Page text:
New NSA Officer Slate
Sunflower sometimes seems like the best-kept secret, and the newly elected president of the National Sunflower Association, Kevin Capistran, would like to change that.
The NSA Board of Directors recently met in Bismarck to set the coming year’s budget and elect officers. Capistran, a farmer from Crookston, Minn., was chosen to serve as president for 2012/13. He takes over from South Dakota farmer Tom Young, who had served as the association’s president for the past two years. Capistran had previously served as NSA’s first vice president.
Capistran, who joined the NSA board three years ago, moved quickly into the executive ranks looking to make an impact. At his first meeting in 2010, he took part in the association’s vote to designate $100,000 toward what is called the SNP project, giving sunflower breeders the funding and tools they need to develop gene sequencing and DNA markers to find solutions to disease and insects as well as increase yield potential. “Through the SNP Consortium, we have the ability to equip sunflower breeders with the latest genetic tools,” he says. “It is an ongoing investment that we expect to bring results that growers will see.”
With that vote and commitment to further development, Capistran is confident the industry and the association are on the right track. “It may take a little longer to get there using traditional methods of breeding versus GMO crops, but it’s obvious that our current hybrids have come a long ways,” he says. Sunflower has been a part of the Capistran operation since the late 1970s, but the family farms in an area (northwestern Minnesota) where there currently aren’t as many acres devoted to the crop as there used to be.
“We have to find ways to stay competitive with other crops other than just looking for higher prices, so yield has to be the number one priority,” Capistran says. “The challenge is that different areas of the country have different limiting factors. We need to find the right solutions for the right areas. Where I farm, controlling diseases is the key. Other areas that don’t have much disease concern may be battling blackbirds or insects, though.”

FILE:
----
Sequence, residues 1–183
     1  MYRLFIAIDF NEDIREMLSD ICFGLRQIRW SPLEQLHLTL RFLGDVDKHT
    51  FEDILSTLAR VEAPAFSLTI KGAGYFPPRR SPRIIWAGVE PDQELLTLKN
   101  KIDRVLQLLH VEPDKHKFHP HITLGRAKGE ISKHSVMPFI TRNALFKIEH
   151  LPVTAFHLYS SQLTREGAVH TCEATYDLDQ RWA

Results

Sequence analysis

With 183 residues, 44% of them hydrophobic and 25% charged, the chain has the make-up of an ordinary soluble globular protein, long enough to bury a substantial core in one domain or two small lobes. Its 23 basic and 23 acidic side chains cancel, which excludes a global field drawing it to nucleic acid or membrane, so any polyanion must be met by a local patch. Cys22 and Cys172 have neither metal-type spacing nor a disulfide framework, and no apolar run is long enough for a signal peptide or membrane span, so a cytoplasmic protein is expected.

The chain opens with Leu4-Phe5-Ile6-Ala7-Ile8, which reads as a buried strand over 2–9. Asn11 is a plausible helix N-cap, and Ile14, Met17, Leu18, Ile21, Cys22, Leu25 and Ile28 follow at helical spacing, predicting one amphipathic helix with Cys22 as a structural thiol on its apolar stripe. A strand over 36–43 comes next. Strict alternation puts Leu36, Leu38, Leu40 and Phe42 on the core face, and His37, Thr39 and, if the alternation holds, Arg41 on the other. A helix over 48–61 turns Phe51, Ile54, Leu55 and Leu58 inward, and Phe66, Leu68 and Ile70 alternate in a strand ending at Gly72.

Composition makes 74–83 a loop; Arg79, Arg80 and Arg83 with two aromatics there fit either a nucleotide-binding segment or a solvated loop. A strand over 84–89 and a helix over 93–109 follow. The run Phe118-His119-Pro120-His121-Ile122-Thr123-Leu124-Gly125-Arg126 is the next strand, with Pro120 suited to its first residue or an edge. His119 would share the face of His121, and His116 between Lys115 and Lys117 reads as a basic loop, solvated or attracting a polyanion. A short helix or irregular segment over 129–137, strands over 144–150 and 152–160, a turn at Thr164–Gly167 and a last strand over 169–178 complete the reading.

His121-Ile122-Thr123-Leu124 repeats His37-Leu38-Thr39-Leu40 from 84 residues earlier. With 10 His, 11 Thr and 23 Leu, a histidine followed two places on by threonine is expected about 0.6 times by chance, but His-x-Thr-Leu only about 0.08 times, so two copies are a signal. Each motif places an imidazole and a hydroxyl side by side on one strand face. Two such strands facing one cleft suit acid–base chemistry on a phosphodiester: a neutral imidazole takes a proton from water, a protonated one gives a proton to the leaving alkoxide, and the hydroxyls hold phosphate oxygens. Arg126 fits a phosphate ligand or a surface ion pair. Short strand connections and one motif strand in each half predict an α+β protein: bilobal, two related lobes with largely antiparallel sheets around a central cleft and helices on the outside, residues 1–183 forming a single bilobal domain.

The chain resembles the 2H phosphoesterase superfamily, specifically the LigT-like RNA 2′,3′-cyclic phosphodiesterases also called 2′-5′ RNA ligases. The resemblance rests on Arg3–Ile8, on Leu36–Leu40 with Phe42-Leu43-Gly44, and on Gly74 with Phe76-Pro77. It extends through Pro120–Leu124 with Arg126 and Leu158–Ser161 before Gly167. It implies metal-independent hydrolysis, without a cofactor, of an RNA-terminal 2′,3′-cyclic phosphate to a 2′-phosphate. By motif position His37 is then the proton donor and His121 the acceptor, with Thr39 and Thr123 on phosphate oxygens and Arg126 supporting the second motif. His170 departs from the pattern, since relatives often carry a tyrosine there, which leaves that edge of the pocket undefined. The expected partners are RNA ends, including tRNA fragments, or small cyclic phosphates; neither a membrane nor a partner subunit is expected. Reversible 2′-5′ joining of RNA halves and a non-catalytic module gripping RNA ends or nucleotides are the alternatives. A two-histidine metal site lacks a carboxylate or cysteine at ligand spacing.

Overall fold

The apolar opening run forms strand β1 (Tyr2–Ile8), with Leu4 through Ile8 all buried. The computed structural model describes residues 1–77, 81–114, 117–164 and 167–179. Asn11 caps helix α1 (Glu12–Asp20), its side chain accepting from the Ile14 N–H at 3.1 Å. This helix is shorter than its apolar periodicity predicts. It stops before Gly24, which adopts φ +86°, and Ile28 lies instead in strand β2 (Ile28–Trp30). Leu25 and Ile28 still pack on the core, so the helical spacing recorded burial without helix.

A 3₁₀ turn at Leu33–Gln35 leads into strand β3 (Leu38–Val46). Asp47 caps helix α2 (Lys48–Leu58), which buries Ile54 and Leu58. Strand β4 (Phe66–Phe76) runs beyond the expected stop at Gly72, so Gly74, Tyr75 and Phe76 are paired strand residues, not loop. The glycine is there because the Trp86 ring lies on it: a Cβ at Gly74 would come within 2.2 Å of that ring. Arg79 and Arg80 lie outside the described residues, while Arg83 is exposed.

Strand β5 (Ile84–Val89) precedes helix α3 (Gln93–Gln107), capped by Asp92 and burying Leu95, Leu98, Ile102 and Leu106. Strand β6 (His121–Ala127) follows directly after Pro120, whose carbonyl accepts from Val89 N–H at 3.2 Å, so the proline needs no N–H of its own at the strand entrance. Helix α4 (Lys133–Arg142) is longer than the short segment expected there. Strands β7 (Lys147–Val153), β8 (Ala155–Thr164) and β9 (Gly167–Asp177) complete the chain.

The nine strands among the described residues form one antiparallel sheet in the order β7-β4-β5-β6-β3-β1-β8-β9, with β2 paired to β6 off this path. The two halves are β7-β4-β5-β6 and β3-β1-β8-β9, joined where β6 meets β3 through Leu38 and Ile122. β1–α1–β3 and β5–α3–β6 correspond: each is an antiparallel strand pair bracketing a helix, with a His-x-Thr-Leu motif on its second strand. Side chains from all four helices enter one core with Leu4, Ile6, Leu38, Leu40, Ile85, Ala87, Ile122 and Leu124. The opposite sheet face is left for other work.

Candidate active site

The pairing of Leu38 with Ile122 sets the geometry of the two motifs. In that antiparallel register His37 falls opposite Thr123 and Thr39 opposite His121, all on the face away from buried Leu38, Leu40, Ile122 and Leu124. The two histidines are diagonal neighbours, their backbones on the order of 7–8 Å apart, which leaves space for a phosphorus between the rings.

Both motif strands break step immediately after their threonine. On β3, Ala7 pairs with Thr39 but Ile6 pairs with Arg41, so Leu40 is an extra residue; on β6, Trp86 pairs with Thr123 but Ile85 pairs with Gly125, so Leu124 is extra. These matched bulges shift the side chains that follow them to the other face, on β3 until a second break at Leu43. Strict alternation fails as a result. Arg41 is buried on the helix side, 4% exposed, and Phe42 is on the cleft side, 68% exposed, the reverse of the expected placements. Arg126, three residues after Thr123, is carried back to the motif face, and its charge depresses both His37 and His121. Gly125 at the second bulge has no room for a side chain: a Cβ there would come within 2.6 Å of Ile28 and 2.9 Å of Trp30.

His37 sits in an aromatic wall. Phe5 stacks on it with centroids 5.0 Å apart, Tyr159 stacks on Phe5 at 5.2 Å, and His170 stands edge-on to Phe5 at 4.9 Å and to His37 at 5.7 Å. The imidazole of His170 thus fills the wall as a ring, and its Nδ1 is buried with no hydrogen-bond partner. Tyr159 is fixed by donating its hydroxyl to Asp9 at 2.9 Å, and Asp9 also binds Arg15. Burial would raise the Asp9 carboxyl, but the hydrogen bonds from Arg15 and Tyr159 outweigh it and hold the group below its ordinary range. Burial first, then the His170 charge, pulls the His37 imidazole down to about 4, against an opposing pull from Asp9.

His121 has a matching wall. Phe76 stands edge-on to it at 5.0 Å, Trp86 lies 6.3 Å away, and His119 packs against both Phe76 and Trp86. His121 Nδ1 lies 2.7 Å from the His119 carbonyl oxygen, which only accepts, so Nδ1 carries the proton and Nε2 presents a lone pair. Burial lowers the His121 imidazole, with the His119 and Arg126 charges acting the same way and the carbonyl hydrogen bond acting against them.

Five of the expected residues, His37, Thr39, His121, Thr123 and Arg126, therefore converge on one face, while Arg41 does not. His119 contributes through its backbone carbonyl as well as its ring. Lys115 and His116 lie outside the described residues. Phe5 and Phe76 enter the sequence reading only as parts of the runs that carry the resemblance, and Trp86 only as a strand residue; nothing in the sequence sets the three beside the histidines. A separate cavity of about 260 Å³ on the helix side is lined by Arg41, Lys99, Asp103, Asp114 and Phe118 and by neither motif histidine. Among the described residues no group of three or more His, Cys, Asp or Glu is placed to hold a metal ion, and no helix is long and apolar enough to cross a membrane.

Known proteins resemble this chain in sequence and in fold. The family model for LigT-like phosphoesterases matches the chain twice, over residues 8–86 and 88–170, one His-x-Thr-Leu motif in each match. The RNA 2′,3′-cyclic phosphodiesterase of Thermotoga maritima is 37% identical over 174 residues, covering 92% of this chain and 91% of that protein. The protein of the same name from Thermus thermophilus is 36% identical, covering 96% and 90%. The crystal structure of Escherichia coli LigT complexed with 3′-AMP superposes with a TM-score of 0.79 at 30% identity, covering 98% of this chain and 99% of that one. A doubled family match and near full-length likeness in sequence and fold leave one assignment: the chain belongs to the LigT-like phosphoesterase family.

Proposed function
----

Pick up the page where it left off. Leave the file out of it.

In the near future, Capistran sees sunflower production expanding to new areas such as Wyoming and Montana, with the need for the association to spur that growth. Another top agenda item is to communicate with the customer to make sure sunflower isn’t the best-kept secret. “We need to be receptive to what consumers want, but at the same time make sure they hear our message about sunflower and get the right information. Our association needs to make sure we’re continually promoting our products.”
The NSA board of directors also voted to advance Dickinson, N.D., farmer Art Ridl to the position of first vice president. Ridl likewise serves as chairman of the North Dakota Oilseeds Council. Elected second vice president was Lindsborg, Kan., farmer Karl Esping, a member of the NSA board since 2010. Tyler Schultz of Cargill, Inc., West Fargo, N.D., was elected secretary-treasurer.
The National Sunflower Association is a farmer and industry organization working to improve the profitability of sunflower for all sectors. Contributions by the High Plains Committee, private seed companies, state checkoff councils/commissions and state ag research funds are part of the overall sunflower research picture. The board of directors is comprised of farmers and industry members representing the major U.S. sunflower production regions. NSA offices are located at Mandan, N.D.
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